The Reality of the Chart Price ticks coalesce into bars, and bars into patterns, as the crowd writes its emotional diary on the screen. Successful traders learn to recognize a few patterns and trade them. They wait for a familiar pattern to emerge like fishermen wait for a nibble at a riverbank where they fished many times in the past. Many amateurs jump from one stock to another, but professionals tend to trade the same markets for years. They learn their intended catch’s personality, its habits and quirks. When professionals see a short-term bottom in a familiar stock, they recognize a bargain and buy. Their buying checks the decline and pushes the stock up. When prices rise, the pros reduce their buying, but amateurs rush in, sucked in by the good news. When markets become overvalued, professionals start unloading their inventory. Their selling checks the rise and pushes the market down. Amateurs become spooked and start dumping their holdings, accelerating the decline. Once weak holders have been shaken out, prices slide to the level where professionals see a bottom, and the cycle repeats. That cycle is not mathematically perfect, which is why mechanical systems tend not to work. Using technical indicators requires judgment. Before we review specific chart patterns, let us agree on the basic definitions: An uptrend is a pattern in which most rallies reach a higher point than the preceding rally; most declines stop at a higher level than the preceding decline. A downtrend is a pattern in which most declines fall to a lower point than the preceding decline; most rallies rise to a lower level than the preceding rally. An uptrendline is a line connecting two or more adjacent bottoms, slanting upwards; if we draw a line parallel to it across the tops, we’ll have a trading channel. A downtrendline is a line connecting two or more adjacent tops, slanting down; one can draw a parallel line across the bottoms, marking a trading channel. Support is marked by a horizontal line connecting two or more adjacent bottoms. One can often draw a parallel line across the tops, marking a trading range.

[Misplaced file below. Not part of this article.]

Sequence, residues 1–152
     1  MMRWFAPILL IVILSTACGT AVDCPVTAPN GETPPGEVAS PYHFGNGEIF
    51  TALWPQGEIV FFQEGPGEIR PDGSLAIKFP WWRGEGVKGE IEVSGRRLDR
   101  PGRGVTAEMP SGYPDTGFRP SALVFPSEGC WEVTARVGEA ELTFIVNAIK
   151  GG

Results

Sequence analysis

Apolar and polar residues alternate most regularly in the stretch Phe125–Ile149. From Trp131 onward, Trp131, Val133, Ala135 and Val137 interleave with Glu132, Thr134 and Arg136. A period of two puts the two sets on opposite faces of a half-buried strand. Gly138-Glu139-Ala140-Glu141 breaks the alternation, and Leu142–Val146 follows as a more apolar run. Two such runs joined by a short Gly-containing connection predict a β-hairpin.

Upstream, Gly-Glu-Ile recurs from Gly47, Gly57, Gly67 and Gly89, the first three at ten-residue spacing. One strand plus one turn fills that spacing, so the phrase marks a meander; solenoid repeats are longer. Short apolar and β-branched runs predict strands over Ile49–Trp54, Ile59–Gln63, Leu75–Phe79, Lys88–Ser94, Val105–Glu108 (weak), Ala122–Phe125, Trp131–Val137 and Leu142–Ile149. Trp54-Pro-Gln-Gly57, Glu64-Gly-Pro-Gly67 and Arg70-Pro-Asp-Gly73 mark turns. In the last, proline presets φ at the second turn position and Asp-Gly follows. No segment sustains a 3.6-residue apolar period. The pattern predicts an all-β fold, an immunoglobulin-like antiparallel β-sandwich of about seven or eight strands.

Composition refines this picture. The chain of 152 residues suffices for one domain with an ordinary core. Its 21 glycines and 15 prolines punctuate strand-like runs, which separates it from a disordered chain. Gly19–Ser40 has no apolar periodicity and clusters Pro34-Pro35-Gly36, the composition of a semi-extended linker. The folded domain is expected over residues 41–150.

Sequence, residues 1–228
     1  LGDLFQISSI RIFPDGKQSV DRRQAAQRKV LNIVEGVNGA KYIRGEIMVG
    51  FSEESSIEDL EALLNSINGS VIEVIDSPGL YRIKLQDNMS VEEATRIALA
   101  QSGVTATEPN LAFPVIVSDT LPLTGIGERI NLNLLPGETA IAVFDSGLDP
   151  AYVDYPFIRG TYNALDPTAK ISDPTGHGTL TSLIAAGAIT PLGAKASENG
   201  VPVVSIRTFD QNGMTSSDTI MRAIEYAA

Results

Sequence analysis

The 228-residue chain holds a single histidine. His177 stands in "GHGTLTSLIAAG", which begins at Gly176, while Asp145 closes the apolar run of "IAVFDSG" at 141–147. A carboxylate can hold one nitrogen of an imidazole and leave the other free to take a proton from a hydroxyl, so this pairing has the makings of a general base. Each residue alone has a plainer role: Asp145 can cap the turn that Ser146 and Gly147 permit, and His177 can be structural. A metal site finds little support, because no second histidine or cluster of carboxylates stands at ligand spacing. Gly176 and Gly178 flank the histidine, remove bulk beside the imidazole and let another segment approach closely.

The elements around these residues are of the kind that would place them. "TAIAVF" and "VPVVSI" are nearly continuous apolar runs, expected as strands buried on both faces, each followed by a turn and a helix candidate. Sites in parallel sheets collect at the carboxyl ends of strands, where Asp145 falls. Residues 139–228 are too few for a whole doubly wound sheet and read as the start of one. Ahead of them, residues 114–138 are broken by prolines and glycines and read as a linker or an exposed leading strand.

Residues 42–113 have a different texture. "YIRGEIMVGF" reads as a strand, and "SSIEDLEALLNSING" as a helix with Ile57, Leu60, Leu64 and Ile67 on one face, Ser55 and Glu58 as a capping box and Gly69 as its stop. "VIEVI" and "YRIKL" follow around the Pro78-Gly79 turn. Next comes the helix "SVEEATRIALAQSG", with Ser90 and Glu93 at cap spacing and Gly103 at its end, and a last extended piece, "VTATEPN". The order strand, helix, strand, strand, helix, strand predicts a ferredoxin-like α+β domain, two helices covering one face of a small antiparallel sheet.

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Resistance is marked by a horizontal line connecting two or more adjacent tops. One can often draw a parallel line below, across the bottoms, to mark a trading range. Tops and Bottoms The tops of rallies mark the areas of the maximum power of bulls. They would love to lift prices even higher and make more money, but that’s where they get overpowered by bears. The bottoms of declines, on the other hand, are the areas of maximum power of bears. They would love to push prices even lower and profit from short positions, but they get overpowered by bulls. Use a computer or a ruler to draw a line, connecting nearby tops. If it slants up, it shows that bulls are becoming stronger, which is a good thing to know if you plan to trade from the long side. If that line slants down, it shows that bulls are becoming weaker, and buying is not such a good idea. Trendlines applied to market bottoms help visualize changes in the power of bears. When a line connecting two nearby bottoms slants down, it shows that bears are growing stronger, and short selling is a good option. If that line slants up, however, it shows that bears are becoming weaker. When the lines connecting the tops and the lines connecting the bottoms are close to horizontal, the market is locked in a trading range. We can either wait for a breakout or trade short-term swings within that range. Uptrendlines and Downtrendlines Prices often appear to travel along invisible roads. When peaks rise higher at each successive rally, prices are in an uptrend. When bottoms keep falling lower and lower, prices are in a downtrend. We can identify uptrends by drawing trendlines connecting the bottoms of declines. We use bottoms to identify an uptrend because the peaks of rallies tend to be expansive, uneven affairs during uptrends. The declines tend to be more orderly, and when you connect them with a trendline, you get a truer picture of that uptrend. We identify downtrends by drawing trendlines across the peaks of rallies. Each new low in a downtrend tends to be lower than the preceding low, but the panic among weak holders can make bottoms irregularly sharp. Drawing a downtrendline across the tops of rallies paints a more correct picture of that downtrend. The most important feature of a trendline is the direction of its slope. When it rises, the bulls are in control, and when it declines, the bears are